Your Business Model Dictates Your Customer Success Model

We come across a wide variety of SaaS vendors in the marketplace. We often see their Customer Success teams struggle to align themselves with the specific needs of the business they are in and understand what their Customer Success model should be.

 

The symptom can also be seen by one’s (in)ability to describe what our friend Nils Vinje calls the “Four P’s”:

 

  • Purpose: why does the Customer Success team exist? To drive renewal revenue? Customer satisfaction?
  • People: what type of person is best suited to the needs of the team?
  • Process: what are the core processes the team must support?
  • Platform: what automation will enable these people and processes?

 

 

First clue: start with your selling model

 

One way to answer these questions is to start with how your products are sold and deployed in the first place.

 

Are you selling online without sales assistance? This implies a relatively inexpensive product and a low-touch provisioning process. Your post-sale experience should (must?) be low-touch as well. What will the role of your Customer Success people play in this case? Perhaps to operate systems like online communities and marketing automation tools to enable “digital touches” only.

 

For the sake of contrast, imagine instead that you’re selling a complex product using outside sales resources. Your annual contract value is closer to $100,000 and your Professional Services team does the implementation. In this case, your Customer Success team is probably at the center of the post-sale experience. They’re delivering a high-touch, consultative experience to a low number of customers per CSM.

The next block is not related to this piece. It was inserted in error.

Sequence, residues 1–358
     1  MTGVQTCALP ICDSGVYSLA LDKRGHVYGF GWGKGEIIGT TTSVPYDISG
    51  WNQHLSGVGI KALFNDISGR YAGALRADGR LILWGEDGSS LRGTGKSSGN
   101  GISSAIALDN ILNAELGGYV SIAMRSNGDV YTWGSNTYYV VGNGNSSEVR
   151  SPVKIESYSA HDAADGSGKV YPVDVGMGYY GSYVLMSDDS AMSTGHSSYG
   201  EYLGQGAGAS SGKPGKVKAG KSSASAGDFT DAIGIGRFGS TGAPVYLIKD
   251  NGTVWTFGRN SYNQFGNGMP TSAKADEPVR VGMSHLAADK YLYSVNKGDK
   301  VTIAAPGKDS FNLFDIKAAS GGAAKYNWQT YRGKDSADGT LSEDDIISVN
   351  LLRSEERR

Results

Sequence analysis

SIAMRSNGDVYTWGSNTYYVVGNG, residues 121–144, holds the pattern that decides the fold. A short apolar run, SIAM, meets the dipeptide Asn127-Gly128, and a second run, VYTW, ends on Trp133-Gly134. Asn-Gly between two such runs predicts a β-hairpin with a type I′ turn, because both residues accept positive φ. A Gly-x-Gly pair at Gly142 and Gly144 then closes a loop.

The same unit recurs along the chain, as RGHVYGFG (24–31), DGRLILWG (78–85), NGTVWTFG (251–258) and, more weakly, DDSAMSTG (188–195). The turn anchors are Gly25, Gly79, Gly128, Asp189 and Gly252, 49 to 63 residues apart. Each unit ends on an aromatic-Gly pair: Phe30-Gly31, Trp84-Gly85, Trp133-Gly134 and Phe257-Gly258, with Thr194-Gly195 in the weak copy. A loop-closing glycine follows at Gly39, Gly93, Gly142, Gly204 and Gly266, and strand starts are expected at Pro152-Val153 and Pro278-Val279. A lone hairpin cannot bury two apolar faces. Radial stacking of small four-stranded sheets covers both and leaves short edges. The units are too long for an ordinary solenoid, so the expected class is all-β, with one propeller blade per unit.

Many SaaS vendors sit between these polarities. In this case, your Customer Success team might need to support a multi-tier customer model, delivering a different level of service for each tier. Or, you might employ approaches that blend your people resources with programmatic outreach through marketing campaigns and the like.

 

Which leads to another way to look at the problem.

 

Second clue: charting your growth journey

 

Another way to define the Customer Success team’s mission is to consider where you are in the growth journey of your company.

 

Most young SaaS vendors are operating a single, low- or no-touch selling motion. Your product is a basic version of what it will become, and your money constraints mean that expensive sales resources aren’t affordable yet. Your customer success model is probably low-touch or no-touch in turn.

 

As you reach later years of growth, your customer base has become heterogeneous. Small customers continue to come through the front door, because who would stop using an efficient, online sales model to acquire new customers?

 

However, your outside sales team is now landing larger customers too. And some customers grow year-over-year thanks to up-selling. The customer success model in this case is multi-tier. Digital touches are used for the lowest tier. People-driven touches are used in the highest tier. A combination of the two is used for customers in the middle.

 

Last, we see some larger SaaS vendors start to look homogenous again later. Their product has evolved into an Enterprise offering with high touch selling and high ACV’s. Small customers are no longer attractive to the acquisition sales team. And this determines the high touch Customer Success model that follows.

 

Summing it up

 

As your define your Customer Success team according to the “Four P’s”, the first question to answer is whether you’re aligned to the selling model. If not, what are the gaps and how to close them?

 

Last, has Customer Success evolved along with the business to support a multi-tier model? Has your business become a single-tier model again, thanks to very large customers? Are there gaps to fill?

 

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